You may not know this because it’s rarely talked about, but PE is thought to be the most common male sexual disorder. It affects at least 30 percent of men (some research suggests as much as 75 percent).
If you’re part of that group, you’re likely wondering about premature ejaculation treatments and whether there’s really a last-longer exercise.
Here are a few things to remember about PE and its treatments, including exercises:
The official definition of PE offered by the World Health Organization (WHO) is “the inability to delay ejaculation sufficient to enjoy lovemaking, which is manifested by either an occurrence of ejaculation before or very soon after the beginning of intercourse or ejaculation occurring in the absence of sufficient erection to make intercourse possible.” Not fun, but common.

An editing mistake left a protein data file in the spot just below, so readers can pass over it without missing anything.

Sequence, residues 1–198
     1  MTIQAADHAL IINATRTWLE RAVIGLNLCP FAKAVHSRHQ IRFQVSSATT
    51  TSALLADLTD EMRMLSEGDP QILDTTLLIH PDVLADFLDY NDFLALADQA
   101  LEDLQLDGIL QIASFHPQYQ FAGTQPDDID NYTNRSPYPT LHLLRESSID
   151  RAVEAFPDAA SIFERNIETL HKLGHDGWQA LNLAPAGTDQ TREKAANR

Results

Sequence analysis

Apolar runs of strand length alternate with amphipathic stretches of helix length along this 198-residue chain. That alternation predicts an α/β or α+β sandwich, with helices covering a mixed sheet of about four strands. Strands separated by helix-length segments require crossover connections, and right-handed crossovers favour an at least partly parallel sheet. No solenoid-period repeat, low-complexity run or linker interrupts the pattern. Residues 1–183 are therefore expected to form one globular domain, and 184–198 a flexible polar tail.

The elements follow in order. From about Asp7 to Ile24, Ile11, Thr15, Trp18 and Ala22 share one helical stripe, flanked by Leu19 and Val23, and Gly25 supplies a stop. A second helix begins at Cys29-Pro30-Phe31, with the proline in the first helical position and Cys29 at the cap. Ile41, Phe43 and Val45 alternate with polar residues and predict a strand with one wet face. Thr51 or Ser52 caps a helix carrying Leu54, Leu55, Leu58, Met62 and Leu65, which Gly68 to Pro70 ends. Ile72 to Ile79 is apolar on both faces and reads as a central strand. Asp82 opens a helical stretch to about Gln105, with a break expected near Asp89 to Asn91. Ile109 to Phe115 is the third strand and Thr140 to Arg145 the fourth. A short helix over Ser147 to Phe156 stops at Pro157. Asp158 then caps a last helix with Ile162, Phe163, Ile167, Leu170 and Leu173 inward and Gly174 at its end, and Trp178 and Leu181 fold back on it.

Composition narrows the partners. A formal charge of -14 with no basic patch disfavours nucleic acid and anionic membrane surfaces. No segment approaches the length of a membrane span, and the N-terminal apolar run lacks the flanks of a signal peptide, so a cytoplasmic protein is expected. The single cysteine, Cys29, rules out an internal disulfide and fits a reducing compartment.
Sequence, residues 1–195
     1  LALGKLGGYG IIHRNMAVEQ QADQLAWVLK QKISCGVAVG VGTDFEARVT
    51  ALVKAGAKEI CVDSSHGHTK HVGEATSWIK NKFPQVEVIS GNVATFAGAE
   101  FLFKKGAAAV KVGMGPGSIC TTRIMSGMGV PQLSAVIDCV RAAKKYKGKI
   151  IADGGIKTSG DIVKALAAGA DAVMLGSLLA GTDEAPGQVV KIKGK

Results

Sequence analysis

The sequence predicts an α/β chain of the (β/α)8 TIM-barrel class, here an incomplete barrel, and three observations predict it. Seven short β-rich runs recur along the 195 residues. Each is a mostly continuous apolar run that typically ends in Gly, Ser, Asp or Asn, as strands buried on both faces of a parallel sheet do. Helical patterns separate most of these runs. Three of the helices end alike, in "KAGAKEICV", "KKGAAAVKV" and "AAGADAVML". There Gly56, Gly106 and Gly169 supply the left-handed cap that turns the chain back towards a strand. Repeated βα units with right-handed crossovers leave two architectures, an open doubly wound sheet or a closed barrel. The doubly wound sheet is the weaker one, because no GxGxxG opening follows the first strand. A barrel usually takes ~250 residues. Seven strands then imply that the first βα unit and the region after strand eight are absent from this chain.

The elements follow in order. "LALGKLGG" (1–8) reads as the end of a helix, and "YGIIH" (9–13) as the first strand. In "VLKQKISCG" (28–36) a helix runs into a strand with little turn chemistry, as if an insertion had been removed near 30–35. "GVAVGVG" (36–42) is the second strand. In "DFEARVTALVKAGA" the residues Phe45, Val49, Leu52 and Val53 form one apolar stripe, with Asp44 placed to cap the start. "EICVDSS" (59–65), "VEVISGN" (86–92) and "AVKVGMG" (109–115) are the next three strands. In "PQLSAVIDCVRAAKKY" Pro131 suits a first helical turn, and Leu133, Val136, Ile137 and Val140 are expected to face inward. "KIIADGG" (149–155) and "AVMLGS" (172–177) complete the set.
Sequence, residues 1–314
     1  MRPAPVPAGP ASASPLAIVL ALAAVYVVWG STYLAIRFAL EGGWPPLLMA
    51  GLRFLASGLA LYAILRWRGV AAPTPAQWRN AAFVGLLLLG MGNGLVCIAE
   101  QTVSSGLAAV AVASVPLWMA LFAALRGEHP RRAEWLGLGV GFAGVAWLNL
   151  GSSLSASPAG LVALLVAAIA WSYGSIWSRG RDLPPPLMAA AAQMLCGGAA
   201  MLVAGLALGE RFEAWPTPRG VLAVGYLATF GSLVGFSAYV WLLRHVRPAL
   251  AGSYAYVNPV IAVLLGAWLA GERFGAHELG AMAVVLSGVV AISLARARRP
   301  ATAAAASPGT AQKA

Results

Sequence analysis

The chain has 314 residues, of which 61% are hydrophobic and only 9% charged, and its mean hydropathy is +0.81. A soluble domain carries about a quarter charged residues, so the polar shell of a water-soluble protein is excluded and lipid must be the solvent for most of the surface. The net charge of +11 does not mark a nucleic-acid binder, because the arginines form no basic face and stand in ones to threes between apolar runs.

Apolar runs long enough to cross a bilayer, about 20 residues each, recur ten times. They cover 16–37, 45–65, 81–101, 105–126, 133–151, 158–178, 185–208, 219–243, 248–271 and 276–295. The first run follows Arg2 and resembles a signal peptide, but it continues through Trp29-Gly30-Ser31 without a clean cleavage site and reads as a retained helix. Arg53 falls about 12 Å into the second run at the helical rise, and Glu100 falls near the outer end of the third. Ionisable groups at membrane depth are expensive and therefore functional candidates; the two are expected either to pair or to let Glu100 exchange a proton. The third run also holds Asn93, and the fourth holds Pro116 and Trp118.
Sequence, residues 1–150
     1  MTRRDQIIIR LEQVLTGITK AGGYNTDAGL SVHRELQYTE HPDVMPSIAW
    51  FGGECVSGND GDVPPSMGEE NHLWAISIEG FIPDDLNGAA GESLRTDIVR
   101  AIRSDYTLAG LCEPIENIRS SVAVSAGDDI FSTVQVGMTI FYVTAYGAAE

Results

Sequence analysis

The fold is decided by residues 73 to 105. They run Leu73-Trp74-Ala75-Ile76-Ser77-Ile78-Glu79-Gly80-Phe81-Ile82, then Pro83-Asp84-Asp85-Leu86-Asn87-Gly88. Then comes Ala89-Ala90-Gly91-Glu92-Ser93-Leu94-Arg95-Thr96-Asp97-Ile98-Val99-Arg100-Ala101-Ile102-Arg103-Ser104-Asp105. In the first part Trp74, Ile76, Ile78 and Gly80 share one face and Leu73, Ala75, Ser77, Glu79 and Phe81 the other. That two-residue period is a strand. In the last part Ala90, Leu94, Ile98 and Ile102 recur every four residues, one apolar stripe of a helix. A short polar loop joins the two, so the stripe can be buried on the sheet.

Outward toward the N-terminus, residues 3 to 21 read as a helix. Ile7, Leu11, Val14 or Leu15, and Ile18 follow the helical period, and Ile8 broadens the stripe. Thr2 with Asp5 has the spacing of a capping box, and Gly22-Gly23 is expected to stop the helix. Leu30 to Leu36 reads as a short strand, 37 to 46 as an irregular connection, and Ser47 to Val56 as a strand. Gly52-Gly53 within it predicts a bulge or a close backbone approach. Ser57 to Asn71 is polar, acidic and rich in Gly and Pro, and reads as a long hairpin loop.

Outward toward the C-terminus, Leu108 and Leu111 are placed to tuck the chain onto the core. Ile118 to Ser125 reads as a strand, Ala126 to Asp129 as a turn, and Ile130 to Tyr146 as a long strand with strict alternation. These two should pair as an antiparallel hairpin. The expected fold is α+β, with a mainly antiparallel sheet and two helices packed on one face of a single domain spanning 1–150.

Research shows that exercises for premature ejaculation and regular physical activity are both effective in treating PE and improving sexual function. Yep, you’re doing a kegel right now, aren’t you?
If you’re experiencing PE, even just sometimes, it’s always good to talk to a licensed healthcare provider about underlying causes and climax control treatment options.
Using our telehealth platform, you can participate in a PE consultation online. If appropriate (and at-home exercises aren’t your thing), you can receive a prescription to treat your symptoms without ever leaving the house.To learn more about exercises for premature ejaculation, check out our guide to pelvic floor exercises for men.
Hims & Hers has strict sourcing guidelines to ensure our content is accurate and current. We rely on peer-reviewed studies, academic research institutions, and medical associations. We strive to use primary sources and refrain from using tertiary references. See a mistake? Let us know at [email protected]!
Kate Hagerty is a board-certified Family Nurse Practitioner with over a decade of healthcare experience. She has worked in critical care, community health, and as a retail health provider.